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14 for '14: The Race for the West

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The most heated rivalry takes on the greatest importance.

RVR Photos-USA TODAY Sports

For a decade after the advent of the national championship game in 1992, the state of Florida dominated it. In nine of those first ten seasons, at least one team from the Sunshine State appeared in the game.

Since 2009, the state of Alabama has been on a similar run. Four Each of the past five national title games has had someone from the Yellowhammer State in it. If someone told you that streak would continue this year, you'd probably believe it. Given that it has two major programs in the same conference instead of three all in different conferences, Alabama's run doesn't have to go much longer to surpass Florida's in impressiveness.

Having Alabama and Auburn battling it out for West supremacy feels a little stranger than it should, but that's just how recent history has gone. Last season was the first time since 1994 that the Iron Bowl participants finished in the top two slots in the West. Tommy Tuberville's nice run on the Plains coincided with Alabama's head coaching position becoming a revolving door, and until a year ago, the one time in Nick Saban's run that Auburn was great was the year that Bama finished fourth in the West.

Adding to the intrigue is that the programs seem to embody completely different philosophies. Saban's Crimson Tide runs pro-style everything, prizes size, and does things at a deliberate pace. Gus Malzahn's Auburn runs a full-on option scheme that the NFL will never adopt, prizes speed, and is at the forefront of the hurry up trend. Saban has even argued for years against the fast system that Malzahn employs. The contrasts between the schools could scarcely be greater.

As for this year specifically, the contrasts continue. Bama's Death Star has been fully operational for a while, and it is rightly expected to be a top five team. Auburn was in better shape for Malzahn than for most programs are for first-year head coaches given that he was a coordinator on the old staff, but the program isn't fully crafted in his image. And yet, at the most important position on the field, Auburn has more certainty. The Tigers have the preseason first team all-SEC quarterback in Nick Marshall, while Alabama still hasn't named a starter less than two weeks from kickoff.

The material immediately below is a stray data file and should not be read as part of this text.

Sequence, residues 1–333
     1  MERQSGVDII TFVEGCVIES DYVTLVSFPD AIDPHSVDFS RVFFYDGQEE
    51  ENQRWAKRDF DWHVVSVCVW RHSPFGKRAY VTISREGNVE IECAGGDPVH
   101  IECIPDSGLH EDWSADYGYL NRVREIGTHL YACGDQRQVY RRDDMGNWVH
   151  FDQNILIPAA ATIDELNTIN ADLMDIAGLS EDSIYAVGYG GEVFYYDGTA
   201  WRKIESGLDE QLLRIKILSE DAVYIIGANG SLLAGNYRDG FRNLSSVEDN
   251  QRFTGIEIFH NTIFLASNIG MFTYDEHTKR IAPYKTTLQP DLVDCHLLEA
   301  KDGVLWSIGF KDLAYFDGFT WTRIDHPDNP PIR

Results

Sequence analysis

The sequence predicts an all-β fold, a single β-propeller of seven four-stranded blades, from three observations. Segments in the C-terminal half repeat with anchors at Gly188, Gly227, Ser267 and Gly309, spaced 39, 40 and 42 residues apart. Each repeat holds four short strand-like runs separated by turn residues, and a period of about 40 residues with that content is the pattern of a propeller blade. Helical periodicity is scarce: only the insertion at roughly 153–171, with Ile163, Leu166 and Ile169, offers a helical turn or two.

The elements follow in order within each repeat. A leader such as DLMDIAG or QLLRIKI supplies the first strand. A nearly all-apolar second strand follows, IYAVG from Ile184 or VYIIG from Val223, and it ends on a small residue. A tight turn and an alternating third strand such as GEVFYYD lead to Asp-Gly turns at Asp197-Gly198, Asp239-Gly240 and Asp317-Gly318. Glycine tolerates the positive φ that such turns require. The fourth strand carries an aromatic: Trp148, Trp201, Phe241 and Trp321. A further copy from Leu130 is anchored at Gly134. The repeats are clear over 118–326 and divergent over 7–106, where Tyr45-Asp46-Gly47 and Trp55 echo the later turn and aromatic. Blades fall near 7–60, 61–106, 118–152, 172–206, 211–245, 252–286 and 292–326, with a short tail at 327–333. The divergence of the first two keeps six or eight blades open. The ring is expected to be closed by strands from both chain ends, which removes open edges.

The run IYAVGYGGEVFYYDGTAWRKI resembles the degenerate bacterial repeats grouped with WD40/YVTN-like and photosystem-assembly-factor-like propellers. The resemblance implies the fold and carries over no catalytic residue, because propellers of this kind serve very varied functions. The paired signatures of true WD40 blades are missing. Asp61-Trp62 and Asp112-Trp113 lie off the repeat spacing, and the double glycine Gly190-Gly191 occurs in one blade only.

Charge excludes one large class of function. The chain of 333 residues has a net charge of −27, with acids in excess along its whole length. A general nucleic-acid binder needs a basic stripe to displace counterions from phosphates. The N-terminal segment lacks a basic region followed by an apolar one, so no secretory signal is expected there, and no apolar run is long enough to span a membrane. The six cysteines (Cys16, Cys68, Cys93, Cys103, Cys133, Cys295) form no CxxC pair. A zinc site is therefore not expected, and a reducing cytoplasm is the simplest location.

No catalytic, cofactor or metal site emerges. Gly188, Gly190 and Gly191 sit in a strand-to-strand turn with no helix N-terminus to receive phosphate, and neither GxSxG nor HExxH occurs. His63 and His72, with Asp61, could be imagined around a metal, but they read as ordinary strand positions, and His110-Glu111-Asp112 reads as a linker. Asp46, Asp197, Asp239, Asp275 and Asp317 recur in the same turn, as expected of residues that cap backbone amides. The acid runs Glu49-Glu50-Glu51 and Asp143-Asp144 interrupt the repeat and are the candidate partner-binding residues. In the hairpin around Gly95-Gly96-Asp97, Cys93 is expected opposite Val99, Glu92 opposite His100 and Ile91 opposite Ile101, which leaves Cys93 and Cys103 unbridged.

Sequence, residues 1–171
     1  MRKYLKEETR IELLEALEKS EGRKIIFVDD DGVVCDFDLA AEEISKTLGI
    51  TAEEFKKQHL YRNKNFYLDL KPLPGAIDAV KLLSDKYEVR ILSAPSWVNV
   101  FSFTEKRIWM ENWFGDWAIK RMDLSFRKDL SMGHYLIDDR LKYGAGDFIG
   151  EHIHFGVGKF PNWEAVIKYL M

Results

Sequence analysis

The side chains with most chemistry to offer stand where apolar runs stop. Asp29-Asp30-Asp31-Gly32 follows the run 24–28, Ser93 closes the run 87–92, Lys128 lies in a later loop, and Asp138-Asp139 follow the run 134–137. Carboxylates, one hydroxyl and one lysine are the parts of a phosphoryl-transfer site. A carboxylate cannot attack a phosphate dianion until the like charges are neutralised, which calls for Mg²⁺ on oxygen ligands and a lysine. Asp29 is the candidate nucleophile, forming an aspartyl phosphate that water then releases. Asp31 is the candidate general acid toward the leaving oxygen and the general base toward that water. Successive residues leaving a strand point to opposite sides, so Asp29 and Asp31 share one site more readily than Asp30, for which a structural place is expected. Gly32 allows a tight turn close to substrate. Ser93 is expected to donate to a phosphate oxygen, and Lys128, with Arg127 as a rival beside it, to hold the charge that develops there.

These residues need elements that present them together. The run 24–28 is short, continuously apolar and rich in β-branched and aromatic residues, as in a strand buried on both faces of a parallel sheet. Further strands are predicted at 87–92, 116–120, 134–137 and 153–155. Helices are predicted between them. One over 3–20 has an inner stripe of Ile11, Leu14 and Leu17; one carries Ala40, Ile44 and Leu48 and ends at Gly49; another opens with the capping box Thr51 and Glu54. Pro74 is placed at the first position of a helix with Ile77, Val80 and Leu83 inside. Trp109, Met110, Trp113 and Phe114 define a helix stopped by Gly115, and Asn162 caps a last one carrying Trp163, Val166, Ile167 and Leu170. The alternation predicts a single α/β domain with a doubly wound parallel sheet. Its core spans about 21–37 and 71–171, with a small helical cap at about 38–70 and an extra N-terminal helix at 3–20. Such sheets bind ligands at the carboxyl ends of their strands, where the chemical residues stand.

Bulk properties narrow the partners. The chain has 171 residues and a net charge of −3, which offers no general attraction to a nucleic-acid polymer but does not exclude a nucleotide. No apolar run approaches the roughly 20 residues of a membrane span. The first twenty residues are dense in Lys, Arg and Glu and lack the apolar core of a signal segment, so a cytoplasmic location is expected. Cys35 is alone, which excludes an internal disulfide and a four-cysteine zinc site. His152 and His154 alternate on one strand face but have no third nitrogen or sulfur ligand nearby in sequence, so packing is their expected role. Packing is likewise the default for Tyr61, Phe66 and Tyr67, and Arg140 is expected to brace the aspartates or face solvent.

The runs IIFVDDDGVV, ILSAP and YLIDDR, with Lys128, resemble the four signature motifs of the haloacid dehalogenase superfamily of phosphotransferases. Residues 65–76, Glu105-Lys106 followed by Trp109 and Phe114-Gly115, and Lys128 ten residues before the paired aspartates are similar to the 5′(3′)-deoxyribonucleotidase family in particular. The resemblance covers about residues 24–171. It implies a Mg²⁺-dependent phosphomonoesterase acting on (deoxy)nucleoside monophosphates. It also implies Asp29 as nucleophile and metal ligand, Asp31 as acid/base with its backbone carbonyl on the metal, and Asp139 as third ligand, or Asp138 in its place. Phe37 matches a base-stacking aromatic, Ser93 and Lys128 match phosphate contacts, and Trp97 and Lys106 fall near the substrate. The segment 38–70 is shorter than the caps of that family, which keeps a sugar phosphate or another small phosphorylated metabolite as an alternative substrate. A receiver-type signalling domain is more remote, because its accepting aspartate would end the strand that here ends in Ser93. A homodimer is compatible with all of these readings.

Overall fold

When Malzahn hasn't had to make do with guys like Chris Todd, Barrett Trotter, and Clint Moseley at quarterback, his offenses have been dynamite. They've all been with first-year starters, too. Thanks to his frequent moves and the way rosters have turned out, this season is the first one on the college level where Malzahn will have the same quarterback starter as he had the previous. All three years at Auburn as coordinator had different starters, and even his two years at Tulsa had different guys. Much of the optimism around the program this year simply comes from a second dose of Marshall in Malzahn's scheme. If he was that good last year without much time, how good will he be this year?

As for Bama, it's feeling a little bit like 2009. Just like 2008, the 2013 season ended with a disappointing loss followed by a largely lifeless bowl flop. If you think Saban hasn't been milking that for all its worth in motivation, well, you must have come here by accident. A fully focused Saban team is a terror to behold, and we'll probably have one this year.

So who will win the West? Beats me, but the Iron Bowl is probably going to decide things again. I don't know how this year's could top last year's, but I'd love to see it try.